In this case, many people discussed the work in several different ways. What strikes me is the discussion of how pseudonymity has some similarities to reading a paper by RealNames who one doesn’t actually “know.” Bora’s addition that formal discourse by a few can actually be much more damaging than the flippant and honest comments of dozens or hundreds we get on blogs is enlightening. Bora’s comment on his own post is very insightful:
Briefly: pseudonymity is not anonymity. Pseudonym, JUST LIKE THE REAL NAME, is just a string of letters. Online, just like offline, one builds reputation through one’s words and deeds. I’ve been a science blogger for more than four years (in Internet dog years that is about two centuries) and I have learned to trust many pseudonymous bloggers years before I learned their true identities: SciCurious, Sciencewoman, Dr.Isis, DrugMonkey, Physioprof, Abel PharmBoy, Orac, Revere and others earned their reputation by being smart, honest, well-informed and yes, witty. They demonstrated both their expertise on the topics they write about AND their understanding of the medium. There are some excellent reasons to be Pseudonymous online and this does not detract one bit from the earned authority.
As time went by and I discovered true identities of some of these bloggers, I realized that their real names mean nothing to me. None of them turned out to be Craig Venter or Jim Watson. Their real names were completely new to me – just a few out of thousands of scientists out there. Learning their real names did nothing to enhance or detract their reputation – they earned it under their Pseudonyms. Pseudonym is a name, just like the real name: a string of letters, the former given to oneself, the latter received from parents. It makes no difference whatsoever.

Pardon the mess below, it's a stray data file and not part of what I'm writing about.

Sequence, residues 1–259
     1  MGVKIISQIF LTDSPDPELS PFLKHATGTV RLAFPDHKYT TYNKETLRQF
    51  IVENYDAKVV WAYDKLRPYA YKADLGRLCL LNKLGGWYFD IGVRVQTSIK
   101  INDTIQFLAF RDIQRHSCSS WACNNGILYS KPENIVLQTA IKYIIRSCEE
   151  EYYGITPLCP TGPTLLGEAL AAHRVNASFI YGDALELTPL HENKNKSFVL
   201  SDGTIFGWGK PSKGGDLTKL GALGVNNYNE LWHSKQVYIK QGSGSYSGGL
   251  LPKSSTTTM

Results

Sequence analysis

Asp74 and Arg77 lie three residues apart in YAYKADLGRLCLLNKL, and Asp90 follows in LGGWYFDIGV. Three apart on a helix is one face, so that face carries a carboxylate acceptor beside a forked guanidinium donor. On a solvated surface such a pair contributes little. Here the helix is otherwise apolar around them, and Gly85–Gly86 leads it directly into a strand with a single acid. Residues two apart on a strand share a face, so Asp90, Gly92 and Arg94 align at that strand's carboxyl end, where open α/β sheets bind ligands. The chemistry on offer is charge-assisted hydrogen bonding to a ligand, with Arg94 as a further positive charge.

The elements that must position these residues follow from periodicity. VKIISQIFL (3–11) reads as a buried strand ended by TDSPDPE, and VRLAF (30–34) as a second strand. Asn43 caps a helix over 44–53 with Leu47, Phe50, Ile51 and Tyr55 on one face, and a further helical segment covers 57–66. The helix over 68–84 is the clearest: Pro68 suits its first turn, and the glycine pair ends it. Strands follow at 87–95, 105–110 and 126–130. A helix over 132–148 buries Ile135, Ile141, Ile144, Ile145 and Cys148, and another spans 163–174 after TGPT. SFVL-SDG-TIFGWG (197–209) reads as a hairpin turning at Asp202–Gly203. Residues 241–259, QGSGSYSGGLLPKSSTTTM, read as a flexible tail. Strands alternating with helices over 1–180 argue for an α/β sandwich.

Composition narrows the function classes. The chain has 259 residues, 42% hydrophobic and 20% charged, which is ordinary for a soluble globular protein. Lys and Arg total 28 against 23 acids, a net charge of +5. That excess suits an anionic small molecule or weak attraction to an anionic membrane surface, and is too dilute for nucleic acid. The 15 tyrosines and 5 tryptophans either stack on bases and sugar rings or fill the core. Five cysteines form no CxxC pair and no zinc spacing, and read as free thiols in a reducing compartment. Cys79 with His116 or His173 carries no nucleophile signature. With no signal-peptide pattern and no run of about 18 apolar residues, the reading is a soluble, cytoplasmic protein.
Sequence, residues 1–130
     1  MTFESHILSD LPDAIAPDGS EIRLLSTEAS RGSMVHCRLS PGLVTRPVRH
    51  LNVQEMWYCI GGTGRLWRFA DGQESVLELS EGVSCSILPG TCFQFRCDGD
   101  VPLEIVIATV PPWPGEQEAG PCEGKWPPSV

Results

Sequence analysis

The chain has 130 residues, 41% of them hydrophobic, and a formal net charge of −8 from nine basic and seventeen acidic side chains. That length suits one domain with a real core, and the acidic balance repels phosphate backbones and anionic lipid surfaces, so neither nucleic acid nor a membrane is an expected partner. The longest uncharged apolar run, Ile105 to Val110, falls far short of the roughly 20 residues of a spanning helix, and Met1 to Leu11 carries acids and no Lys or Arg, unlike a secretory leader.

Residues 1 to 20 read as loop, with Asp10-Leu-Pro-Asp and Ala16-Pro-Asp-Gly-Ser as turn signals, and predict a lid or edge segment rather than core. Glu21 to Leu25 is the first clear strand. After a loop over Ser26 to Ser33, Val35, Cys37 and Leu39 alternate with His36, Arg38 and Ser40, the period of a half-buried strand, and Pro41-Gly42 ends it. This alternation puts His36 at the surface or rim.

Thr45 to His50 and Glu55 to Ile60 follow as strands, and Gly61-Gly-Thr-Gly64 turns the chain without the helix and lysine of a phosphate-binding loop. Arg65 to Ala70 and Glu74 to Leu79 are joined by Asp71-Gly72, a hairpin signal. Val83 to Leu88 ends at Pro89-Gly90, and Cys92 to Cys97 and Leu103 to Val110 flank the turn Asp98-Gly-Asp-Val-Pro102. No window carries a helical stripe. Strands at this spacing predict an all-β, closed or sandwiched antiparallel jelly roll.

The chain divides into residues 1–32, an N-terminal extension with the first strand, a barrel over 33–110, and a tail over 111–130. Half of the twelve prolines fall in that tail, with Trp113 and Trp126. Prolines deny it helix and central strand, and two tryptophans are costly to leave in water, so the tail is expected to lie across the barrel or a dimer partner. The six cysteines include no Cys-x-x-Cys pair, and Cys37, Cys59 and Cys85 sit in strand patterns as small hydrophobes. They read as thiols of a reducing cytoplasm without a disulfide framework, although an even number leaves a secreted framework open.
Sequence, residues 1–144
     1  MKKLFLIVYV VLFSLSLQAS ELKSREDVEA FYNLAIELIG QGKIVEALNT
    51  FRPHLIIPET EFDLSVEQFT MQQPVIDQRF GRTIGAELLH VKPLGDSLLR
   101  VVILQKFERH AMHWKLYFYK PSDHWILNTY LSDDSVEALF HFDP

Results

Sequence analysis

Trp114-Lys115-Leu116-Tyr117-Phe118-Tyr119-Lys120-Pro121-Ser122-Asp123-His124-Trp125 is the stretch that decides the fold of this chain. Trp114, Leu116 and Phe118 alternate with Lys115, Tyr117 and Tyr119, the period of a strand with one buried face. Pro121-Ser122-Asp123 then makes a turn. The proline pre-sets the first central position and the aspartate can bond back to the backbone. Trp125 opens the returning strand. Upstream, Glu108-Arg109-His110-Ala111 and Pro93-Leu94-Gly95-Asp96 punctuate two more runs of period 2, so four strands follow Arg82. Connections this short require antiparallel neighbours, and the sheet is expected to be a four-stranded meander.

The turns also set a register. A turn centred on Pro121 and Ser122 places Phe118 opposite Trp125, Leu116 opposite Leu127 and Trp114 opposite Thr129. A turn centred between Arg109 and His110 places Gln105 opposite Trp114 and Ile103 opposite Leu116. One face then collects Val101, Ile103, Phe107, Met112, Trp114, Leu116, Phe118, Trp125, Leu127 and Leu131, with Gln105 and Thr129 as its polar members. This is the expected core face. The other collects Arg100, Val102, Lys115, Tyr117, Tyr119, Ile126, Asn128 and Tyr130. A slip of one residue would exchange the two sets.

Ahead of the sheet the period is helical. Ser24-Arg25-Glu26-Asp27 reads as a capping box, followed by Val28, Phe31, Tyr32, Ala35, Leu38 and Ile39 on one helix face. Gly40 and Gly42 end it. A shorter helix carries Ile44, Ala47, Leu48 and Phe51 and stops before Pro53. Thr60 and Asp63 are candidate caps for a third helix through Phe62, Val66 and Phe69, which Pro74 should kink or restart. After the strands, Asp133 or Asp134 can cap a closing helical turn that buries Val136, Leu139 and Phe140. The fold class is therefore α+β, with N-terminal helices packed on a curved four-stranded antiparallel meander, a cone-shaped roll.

But it is interesting that people who diss pseudonyms tend to all be male. Insensitivity? Total lack of perception of what is going on in the hallways of academia? Male privilege? Reverence for the formal academic hierarchy regardless of merit? Yes, all of the above.
The fact that the authors responded to pseudonymous bloggers criticizing their interpretations (not their work but, rather, their conclusions) is to me a window into the future of scientific discourse (notwithstanding that “discourse” gives my colleague the hives.).
Would all of the pseudonymous bloggers have been so frank and snarky in their initial comments on the work? Are their scientific criticisms valid? Did the authors learn more immediately of concerns regarding their interpretations? Will the authors be better prepared for any and all of the dissenting correspondence NEJM will receive regarding their work? Has the sci/med blogosphere been of benefit to the field of circadian rhythms and interest in health effects of disrupting such cycles?
As fellow middle-aged guy PalMD queried and responded:
“I’m a researcher and I don’t know what to do about this blog thing”
Don’t fear the new medium—check us out. Google your work and see who’s discussing it. Comment on it. Start your own blog, if you dare. But don’t reject the blogosphere out of hand, even the cruder bits. Many of your colleagues (especially the younger ones) are out here talking about you, and, as with colonoscopies, it’s much better to be a discussant than a subject.